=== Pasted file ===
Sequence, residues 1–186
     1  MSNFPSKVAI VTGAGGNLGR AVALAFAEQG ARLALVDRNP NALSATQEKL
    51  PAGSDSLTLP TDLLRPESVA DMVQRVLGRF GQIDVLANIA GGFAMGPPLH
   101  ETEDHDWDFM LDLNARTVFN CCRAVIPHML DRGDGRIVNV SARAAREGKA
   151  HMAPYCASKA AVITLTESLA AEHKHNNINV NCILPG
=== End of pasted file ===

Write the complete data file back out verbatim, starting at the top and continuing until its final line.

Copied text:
Sequence, residues 1–186
     1  MSNFPSKVAI VTGAGGNLGR AVALAFAEQG ARLALVDRNP NALSATQEKL
    51  PAGSDSLTLP TDLLRPESVA DMVQRVLGRF GQIDVLANIA GGFAMGPPLH
   101  ETEDHDWDFM LDLNARTVFN CCRAVIPHML DRGDGRIVNV SARAAREGKA
   151  HMAPYCASKA AVITLTESLA AEHKHNNINV NCILPG